Gamers thinking the C845K’s startling spec-to-price ratio might make it an exciting potential gaming monitor will be pleased to hear that it uses a 120Hz panel, while two of its four HDMI ports are capable of receiving 4K/120Hz feeds from the PlayStation 5, Xbox Series X and sufficiently high-spec PCs. In fact, the screen is even capable of handling 144Hz PC titles.
The C845K’s so-called Game Master Pro 2.0 system provides VRR support too, in the AMD FreeSync and ‘basic’ HDMI flavours, as well as ALLM switching so the TV will always turn to its fast-response Game mode when a game source is detected.
A dedicated gaming onscreen menu, meanwhile, provides a helpful combination of signal information and game-specific features that include an Aiming Aid, multiple game picture presets, and the facility to adjust the brightness of dark parts of the picture without overcooking the brightness elsewhere.
Impressively, the C845K adds support for the so-called ‘active’ (since they add extra scene-by-scene picture information) Dolby Vision and HDR10+ high dynamic range formats alongside the basic HDR10 and HLG formats. This, too, has a gaming advantage, as the Dolby Vision support extends to not just a Dolby Vision game mode, but support for Dolby Vision at 4K/120Hz frame rates – something hardly any TVs beyond LG’s 2022 (such as the C2) and 2023 (including the C3) OLEDs have previously been able to handle.
The Dolby Vision and HDR10+ support extends, too, to the formats’ IQ and Adaptive versions respectively, where they can intelligently adjust their picture outputs to suit the ambient light conditions in your room. And as if that wasn’t enough support for ‘third party’ picture formats, the C845K also arrives with IMAX Enhanced certification, meaning it has been deemed capable of unlocking the potential of sources mastered using IMAX’s proprietary methodology.
The C845K’s impressive panel specifications are controlled by the third generation of TCL’s AI-informed AiPQ 3.0 processor, which includes an upscaling engine built on deep learning techniques.
The C845K’s smarts are provided courtesy of Google TV. This is fine on one level; Google TV has bags of content, of course, and its interface is more attractive and friendly than that of the older Android TV. It does lack a few UK-specific catch-up TV services, though – which is why, uniquely, TCL is prepared to provide anyone in the UK who asks for one with a free Roku smart stick that can deliver the services the TV can’t provide itself.
With so much attention to picture quality for so little money, the C845K could have been forgiven if it had gone pretty basic with its audio system. In fact, though, it has worked with sound specialist Onkyo to create a 40W, 2.1-channel system complete with a large ‘floating’ subwoofer on the rear and decoding of both Dolby Atmos and DTS Virtual:X soundtracks.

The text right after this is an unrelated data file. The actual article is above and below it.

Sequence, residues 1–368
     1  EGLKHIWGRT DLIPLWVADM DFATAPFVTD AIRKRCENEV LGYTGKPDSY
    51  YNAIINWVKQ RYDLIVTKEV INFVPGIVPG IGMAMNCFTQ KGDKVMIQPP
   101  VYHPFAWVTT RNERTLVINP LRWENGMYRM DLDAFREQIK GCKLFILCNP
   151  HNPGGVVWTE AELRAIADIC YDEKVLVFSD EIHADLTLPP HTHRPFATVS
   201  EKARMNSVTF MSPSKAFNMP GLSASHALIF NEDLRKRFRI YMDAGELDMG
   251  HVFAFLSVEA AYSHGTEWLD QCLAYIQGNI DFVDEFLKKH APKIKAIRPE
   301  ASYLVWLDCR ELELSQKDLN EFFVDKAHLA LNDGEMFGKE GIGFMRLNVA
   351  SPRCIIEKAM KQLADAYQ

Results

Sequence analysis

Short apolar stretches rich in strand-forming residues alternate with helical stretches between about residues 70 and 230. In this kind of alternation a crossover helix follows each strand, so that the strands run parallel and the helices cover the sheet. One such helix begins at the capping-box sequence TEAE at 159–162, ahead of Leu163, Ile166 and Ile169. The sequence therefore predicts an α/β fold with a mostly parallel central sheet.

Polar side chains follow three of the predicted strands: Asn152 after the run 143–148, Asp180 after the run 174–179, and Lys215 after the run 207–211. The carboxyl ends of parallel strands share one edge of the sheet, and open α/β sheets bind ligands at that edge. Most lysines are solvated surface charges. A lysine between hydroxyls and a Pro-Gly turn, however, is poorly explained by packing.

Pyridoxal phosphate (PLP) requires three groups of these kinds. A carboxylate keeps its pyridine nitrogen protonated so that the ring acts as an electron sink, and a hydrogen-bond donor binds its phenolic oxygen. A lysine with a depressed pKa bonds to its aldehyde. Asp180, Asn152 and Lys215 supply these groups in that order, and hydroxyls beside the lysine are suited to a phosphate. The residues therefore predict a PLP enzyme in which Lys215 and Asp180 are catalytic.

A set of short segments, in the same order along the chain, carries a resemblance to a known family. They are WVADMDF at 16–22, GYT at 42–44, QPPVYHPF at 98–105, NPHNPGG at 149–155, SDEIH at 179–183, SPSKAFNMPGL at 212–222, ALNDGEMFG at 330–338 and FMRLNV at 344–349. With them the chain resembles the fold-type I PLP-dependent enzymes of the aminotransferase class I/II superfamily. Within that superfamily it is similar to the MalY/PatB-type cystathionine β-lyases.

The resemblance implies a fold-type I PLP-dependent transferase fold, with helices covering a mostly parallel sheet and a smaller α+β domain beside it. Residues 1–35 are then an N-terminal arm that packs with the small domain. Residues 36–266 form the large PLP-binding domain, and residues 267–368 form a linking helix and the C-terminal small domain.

It takes about a nanosecond watching the 65C845K – especially with HDR sources – to see that TCL’s boasts about its TV being incredibly bright for its money were much more than idle marketing speak. Its pictures really do jump off the screen with an intensity far beyond anything else we have seen at anything like the same price. In fact, they leave the vast majority of much more expensive mid-range and even a few really premium TVs looking dull by comparison. Including, as TCL would want it to, OLED models, with even the latest MLA and QD-OLED sets falling some way short of the sort of brightness the C845K can achieve, particularly when it comes to full-screen bright imagery.
That’s not meant to imply, though, that the C845K’s epic brightness dissipates where a small bright object has to appear against a dark backdrop. The local dimming zones are numerous and cleverly enough used to enable TCL to maintain much – if not quite all – of the local intensity it would have had on the ultra high-end professional monitor it was mastered on.
There is much less aggressive dimming of such stand-out brightness peaks, certainly, than there is with Samsung’s Mini LED TVs, which place a higher premium on keeping their screens’ outstanding black levels uniform and consistent.
This fact does bring us quite early on to the C845K’s biggest picture weakness, though. Namely, a slightly cloudy look that can sometimes appear with shots and scenes that contain a bold mixture of very bright and very dark content, as the local light controls wrestle with achieving the best balance of local contrast and HDR brightness.
To be clear, the blooming/clouding around stand-out bright objects really is only noticeable in very high-contrast images, and even when it shows up it is thankfully both quite subdued in its brightness and quite vague when it comes to the point at which it melds back into the surrounding blackness. Two factors that greatly reduce its potential for distraction.